Its written under the picture of the ecig – I’m thinking they were going to try and claim ecigs causes bad breath and then figured they wouldn’t bother to attempt to justify it but left the start of that sentence, now they maybe are hoping people will think propylene glycol has something to do with bad breath? How about cigarettes causes bad breath due to the smoke and not ecigs due to the fact its vapour, you wouldn’t even need a science experiment to test this out.

    Another interesting point is they wrote “In 2009, the US Food and Drug Administration analysed e-cigarette cartridges and found traces of the carcinogen nitrosamine and other potentially harmful substances in products from several manufacturers, in addition to ethanol and glycerin”

    I would like to point out that the approved NRT treatment Nicorette Quitmist contains “1mg of Nicotine, Propylene Glycol, Anhydrous Ethanol, Trometamol, Poloxamer 407, Glycerol, Sodium Hydrogen Carbonate, Levomenthol, Mint Flavour, Cooling Flavour, Sucralose, Acesulfame Potassium, Hydrochloric Acid, Purified Water. ”
    As stated on the ingredients list. Now the testing they did on some cartridges back in 2009 of e cigarettes were on a very limited quantity, the quantities of the “harmful ingredient” that the study found was quoted as millions of times the amount actually found according to a NY Times article published afterwards. This ingredient hasn’t been found in many tests since etc.

    Great reply to the PCC Clive btw!

  3. Very good work Clive, just doing a cursory Google search for Daily Mail e-cigarette related articles shows a very odd dislike for them in pretty much every single article they have done on e-cigs.

    I look forward to any developments on this with interest.

  4. It is also worth pointing out that ‘approved’ and ‘safe’ nicotine products, such as Nicorette Quickmist also contain Propylene Glycol and has “may cause throat irritation” as one of the listed possible side effects.

  5. Ah! The good old “Daily Mail”! Renowned for never letting the facts get in the way of a good story!

    1. Seriously… this begs the question: ‘what should they do now?’. I don’t think mere removal is adequate – it just surreptitiously disappears and the damage is left behind. It needs a retraction and correction – a proper acknowledgement that the article was misleading and inaccurate at the same URL as the article occupies now. Obviously they can’t remove it from the printed paper now, so some sort of correction is necessary in print.

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  9. The use of Inflammatory terms such as “Nicotine-Laced” and “Acute Respiratory irritation” should be accurately re-written as part of that retraction.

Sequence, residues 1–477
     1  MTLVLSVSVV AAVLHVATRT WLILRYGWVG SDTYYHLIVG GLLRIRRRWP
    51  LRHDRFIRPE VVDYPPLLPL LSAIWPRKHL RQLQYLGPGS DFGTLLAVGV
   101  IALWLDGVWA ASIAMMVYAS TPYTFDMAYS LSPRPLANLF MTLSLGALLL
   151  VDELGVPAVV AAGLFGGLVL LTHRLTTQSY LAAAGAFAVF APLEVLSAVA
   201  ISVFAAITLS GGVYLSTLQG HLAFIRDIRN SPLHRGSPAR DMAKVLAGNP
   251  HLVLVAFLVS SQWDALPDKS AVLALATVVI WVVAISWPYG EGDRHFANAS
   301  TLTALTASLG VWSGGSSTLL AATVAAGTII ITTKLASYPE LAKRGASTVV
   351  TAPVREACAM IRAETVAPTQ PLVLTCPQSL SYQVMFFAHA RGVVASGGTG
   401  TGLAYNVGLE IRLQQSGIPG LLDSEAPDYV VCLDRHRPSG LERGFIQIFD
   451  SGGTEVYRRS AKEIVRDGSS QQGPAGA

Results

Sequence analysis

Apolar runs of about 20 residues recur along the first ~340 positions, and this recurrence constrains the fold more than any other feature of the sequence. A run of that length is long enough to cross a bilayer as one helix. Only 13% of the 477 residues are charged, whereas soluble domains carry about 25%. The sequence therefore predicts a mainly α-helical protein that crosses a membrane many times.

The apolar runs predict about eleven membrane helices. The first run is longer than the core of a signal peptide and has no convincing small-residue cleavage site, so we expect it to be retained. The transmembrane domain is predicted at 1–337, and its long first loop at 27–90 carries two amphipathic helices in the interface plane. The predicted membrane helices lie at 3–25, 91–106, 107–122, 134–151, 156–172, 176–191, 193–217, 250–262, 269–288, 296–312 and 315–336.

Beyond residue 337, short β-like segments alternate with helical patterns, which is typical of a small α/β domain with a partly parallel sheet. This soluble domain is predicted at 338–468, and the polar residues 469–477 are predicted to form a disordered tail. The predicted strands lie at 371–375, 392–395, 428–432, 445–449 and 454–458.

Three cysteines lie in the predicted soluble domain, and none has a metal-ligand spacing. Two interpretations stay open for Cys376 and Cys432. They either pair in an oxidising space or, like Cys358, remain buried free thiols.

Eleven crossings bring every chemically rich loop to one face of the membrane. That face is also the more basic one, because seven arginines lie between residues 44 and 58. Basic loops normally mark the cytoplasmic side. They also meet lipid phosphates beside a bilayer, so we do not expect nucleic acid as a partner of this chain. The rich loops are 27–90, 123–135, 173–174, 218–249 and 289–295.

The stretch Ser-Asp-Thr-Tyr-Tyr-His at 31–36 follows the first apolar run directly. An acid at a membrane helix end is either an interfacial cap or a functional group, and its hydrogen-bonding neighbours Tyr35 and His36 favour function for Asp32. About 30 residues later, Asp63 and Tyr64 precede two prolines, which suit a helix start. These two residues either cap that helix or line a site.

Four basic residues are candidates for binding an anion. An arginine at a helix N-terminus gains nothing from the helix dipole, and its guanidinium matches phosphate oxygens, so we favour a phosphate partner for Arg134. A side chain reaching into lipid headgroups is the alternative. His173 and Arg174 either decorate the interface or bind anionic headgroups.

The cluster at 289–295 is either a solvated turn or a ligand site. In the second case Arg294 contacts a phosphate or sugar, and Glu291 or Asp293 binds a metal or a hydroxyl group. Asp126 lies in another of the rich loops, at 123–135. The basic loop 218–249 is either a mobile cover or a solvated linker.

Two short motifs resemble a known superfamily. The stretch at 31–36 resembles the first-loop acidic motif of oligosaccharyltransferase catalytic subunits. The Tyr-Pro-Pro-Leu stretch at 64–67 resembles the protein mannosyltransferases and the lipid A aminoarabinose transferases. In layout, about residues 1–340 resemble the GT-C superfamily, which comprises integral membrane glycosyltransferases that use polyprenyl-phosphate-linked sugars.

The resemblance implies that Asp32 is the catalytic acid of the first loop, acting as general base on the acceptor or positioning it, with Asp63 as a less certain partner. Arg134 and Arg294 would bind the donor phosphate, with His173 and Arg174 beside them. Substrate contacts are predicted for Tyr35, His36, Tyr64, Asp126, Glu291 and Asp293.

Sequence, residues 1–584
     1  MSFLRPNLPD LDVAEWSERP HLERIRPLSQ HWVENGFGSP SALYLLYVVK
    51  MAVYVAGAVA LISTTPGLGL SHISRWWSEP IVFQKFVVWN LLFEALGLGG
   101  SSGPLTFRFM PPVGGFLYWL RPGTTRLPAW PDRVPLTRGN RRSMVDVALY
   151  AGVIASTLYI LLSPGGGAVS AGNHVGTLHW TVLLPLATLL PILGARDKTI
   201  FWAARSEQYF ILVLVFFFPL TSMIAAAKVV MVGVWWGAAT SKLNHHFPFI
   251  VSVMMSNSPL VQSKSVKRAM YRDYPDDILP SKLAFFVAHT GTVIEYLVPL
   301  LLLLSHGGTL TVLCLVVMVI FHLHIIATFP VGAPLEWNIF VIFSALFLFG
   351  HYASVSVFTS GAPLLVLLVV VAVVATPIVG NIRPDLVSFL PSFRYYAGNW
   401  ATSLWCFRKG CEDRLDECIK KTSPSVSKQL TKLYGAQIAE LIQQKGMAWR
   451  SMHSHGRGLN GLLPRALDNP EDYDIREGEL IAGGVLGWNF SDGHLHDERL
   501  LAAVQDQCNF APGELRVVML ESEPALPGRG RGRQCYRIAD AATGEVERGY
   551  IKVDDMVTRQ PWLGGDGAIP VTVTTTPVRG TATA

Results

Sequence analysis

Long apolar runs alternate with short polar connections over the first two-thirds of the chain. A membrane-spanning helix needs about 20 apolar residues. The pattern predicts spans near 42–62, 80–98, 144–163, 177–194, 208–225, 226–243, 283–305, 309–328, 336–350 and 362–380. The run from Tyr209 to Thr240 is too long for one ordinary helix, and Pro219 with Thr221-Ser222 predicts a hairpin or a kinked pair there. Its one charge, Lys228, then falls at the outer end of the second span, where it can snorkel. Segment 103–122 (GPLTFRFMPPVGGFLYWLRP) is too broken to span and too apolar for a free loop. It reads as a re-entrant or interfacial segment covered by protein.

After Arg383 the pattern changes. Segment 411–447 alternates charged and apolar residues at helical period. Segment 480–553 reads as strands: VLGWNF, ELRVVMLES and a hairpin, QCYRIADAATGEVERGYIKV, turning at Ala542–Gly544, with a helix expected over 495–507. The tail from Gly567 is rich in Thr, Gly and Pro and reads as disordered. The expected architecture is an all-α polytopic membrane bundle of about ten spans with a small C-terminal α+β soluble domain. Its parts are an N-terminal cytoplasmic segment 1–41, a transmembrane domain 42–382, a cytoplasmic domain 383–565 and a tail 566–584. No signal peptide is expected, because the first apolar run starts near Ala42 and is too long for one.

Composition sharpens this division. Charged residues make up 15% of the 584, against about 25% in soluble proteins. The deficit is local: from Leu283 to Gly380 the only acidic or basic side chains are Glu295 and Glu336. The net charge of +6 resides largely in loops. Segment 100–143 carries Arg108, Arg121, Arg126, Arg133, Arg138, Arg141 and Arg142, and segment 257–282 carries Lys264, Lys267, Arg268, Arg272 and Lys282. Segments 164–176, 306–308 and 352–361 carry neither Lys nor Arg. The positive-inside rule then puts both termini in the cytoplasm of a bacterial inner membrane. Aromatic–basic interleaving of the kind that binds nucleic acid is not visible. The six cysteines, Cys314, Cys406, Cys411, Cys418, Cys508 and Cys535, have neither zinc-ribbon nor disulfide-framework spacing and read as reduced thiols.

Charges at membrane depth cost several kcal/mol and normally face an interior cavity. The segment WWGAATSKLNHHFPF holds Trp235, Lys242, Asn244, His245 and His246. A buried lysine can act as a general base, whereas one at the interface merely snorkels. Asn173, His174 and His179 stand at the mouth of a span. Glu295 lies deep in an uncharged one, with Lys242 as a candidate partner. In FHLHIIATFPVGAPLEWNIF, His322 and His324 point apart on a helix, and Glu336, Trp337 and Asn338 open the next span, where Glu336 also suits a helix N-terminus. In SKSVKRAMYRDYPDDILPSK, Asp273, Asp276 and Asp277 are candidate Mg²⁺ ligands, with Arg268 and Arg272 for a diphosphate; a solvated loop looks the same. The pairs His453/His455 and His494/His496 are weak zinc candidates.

1. Thanks for spotting that Rachael. It is an interesting question: how should they put right something as blatantly wrong as this?

      I would rather see the link replaced by an acknowledgement that they got it wrong – with a little supporting humility. It isn’t good enough just to leave a broken link where the article once was, they need to set the record straight for their readers – online and in print.


  10. It’s not the first time this has happened either, they recently did an article claiming that leaked emails had shown that the White House had green lighted a chemical weapons attack in Syria that could be blamed on the Assad regime in order for the US to attack.

    Although in that case I would take a guess that the article might well have been pulled for being true.

    Anyway back on topic as for the e-cig article there needs to be some recourse or they can just publish what the hell they like (some might say they already do lol) and then simply delete it, it’s disgraceful.

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  13. Here is the response from the organisation quoted. The attachment is here

    unfortunately it is in German.

    “Dear Mr. Alpert,

    Thank you very much for your query. I would like to inform you that there must be a misunderstanding/misquoting. Please find attached the original press release from 19 December 2011, which is only available in German language.”

    With kind regards,
    Helene Reemann
    Referatsleiterin/Head of unit
    Internationale Beziehungen
    International Relations
    Email: [email protected]

    Die Bundeszentrale für gesundheitliche Aufklärung (BZgA) ist eine Fachbehörde im Geschäftsbereich des Bundesministeriums für Gesundheit

    The Federal Centre for Health Education (BZgA) is a specialist authority within the portfolio of the Federal Ministry of Health

    Anthony Alpert
    27.01.2013 14:50

    [email protected]

    Claims Dr Elisabeth Pott, director of the Federal Centre of Health
    Education in Cologne by Daily Mail newspaper in the UK

    Dear Helene

    I just read an article and thought it made some quite strange claims.

    The article seems to imply that Dr Elisabeth Pott from your organisation
    considers smoking cigarettes to be less harmful than electronic
    cigarettes. It is quite a strange claim for anyone from a scientific or